Your task threshold is what you can realistically achieve based on who you are in this exact moment and in this exact situation. It changes because you change and your situations change. One week, you may find yourself able to tackle significant items without batting an eye. Another week, you may find yourself saying “no” more than “yes” to keep your task threshold to the smallest number of items as possible.

When you are aware enough to notice when you need to adjust your task threshold to ensure your mental well-being, you’ll find you don’t spend as much time feeling frustrated, angry and sad, because you understand how to be in this moment. You can therefore move to a higher and more productive energy level.

Take Action
Remember to check-in with yourself when you’re feeling overwhelmed, tired or stressed. Sometimes it is just you. Sometimes you are over-committed – you’ve hit your task threshold without realizing it. Be committed to your own mental well-being by checking in and being kind with yourself. Remember, experiencing your emotions is great. Just limit how much time you spend with the negative emotions. They can wear you out and help you miss the many great things going on in this moment of life.

By Kristin Allaben

Consider reading When “I Quit” is the Best Thing to Do

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Life would be easier if…

Have you ever thought to yourself, “life would just be so much easier if [insert event, complication, person, etc.] weren’t around?”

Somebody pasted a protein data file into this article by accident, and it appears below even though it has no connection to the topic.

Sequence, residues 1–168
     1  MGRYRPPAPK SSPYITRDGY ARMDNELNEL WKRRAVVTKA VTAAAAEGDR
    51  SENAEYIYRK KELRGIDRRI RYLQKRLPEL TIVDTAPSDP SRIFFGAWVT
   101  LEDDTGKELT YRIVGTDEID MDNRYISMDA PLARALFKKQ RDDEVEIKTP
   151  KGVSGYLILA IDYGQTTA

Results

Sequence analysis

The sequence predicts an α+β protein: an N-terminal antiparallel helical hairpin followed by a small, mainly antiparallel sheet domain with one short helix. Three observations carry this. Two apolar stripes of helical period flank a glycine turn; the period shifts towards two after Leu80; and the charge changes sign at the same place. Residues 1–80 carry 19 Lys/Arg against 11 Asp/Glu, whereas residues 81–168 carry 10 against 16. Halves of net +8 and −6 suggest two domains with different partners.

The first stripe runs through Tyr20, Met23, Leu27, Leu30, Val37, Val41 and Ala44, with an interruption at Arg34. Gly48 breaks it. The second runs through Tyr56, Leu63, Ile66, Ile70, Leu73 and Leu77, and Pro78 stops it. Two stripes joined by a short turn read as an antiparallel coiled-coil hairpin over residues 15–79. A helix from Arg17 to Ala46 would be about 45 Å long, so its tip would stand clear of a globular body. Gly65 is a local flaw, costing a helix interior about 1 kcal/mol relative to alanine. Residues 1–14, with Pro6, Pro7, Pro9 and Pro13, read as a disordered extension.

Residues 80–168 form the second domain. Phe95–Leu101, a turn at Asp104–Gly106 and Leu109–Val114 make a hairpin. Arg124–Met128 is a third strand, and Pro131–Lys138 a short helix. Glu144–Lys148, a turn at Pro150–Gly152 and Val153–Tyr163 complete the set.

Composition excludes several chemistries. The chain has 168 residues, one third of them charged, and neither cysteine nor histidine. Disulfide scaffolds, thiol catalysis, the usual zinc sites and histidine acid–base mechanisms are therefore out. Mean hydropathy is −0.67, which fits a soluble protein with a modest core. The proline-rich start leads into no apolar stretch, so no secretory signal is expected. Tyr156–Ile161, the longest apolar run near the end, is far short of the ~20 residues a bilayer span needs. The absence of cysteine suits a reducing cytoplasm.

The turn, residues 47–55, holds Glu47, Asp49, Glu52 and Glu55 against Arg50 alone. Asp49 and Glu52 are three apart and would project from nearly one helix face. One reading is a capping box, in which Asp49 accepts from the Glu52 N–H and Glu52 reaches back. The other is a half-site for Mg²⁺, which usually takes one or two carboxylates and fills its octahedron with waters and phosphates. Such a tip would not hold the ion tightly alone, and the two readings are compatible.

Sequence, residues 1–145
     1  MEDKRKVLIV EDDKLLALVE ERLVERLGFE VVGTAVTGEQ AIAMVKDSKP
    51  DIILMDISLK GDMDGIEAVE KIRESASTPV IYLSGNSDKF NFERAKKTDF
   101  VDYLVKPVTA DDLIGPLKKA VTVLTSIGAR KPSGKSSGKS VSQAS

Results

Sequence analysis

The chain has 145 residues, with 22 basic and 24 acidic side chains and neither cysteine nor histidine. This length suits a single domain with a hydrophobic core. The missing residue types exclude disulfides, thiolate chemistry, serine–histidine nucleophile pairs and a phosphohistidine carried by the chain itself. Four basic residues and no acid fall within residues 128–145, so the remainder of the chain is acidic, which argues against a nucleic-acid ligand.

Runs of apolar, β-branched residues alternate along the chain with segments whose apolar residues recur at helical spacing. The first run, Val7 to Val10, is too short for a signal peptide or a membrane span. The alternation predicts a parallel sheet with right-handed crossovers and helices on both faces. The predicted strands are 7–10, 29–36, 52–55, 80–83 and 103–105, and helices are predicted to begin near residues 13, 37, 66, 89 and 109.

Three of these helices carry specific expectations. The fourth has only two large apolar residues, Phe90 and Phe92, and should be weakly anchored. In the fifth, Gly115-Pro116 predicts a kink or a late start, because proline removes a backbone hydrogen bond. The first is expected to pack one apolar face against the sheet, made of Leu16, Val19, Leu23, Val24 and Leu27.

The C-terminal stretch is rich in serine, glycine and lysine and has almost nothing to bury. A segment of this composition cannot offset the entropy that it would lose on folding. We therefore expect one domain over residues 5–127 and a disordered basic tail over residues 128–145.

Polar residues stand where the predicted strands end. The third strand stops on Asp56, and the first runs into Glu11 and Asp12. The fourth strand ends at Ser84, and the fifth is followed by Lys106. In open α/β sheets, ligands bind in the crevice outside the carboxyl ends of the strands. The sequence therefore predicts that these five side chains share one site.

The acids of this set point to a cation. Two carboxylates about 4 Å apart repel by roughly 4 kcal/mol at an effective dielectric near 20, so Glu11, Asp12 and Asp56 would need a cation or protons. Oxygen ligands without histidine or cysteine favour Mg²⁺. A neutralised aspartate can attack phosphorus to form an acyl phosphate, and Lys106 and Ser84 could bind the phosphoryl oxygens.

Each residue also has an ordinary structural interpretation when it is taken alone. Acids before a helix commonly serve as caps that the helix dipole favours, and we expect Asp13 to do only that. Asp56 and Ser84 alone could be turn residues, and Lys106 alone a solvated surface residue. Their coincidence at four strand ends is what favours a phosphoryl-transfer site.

But would it? What would life be like without person/event/complication? In most situations, those very obstacles make us the people we are capable of being. The real trick is learning how to be more present in those moments to judge them less and understand them more, to respond and not react. Consider the person who regrets something they’ve said as soon as the words leave their mouth. Reaction. Consider the person who hits instead of talks. Reaction.

Now consider the consequences of those actions.

But what if instead of reacting, of saying something you didn’t mean or doing something you didn’t mean to do, you let yourself take a moment to observe, consider the information available and choose how to use what you now know to respond with intention?

Consider the person who thinks about what they want to say before they say it, letting them process the real message they want to share. Response. Consider the person who thinks about being physical before actually hitting someone, and instead uses words or chooses another action, like walking away. Response. 

We talk a lot about responding vs. reacting because it requires significant self-awareness to act with intention. Reacting is programmed in our heads; it is part of our fight, flight or freeze survival instinct. Sometimes, it’s what is needed to keep us safe. But in most cases, responding, or acting with intention, provides a more successful outcome. Think about a difficult situation you were faced with. Consider your actions: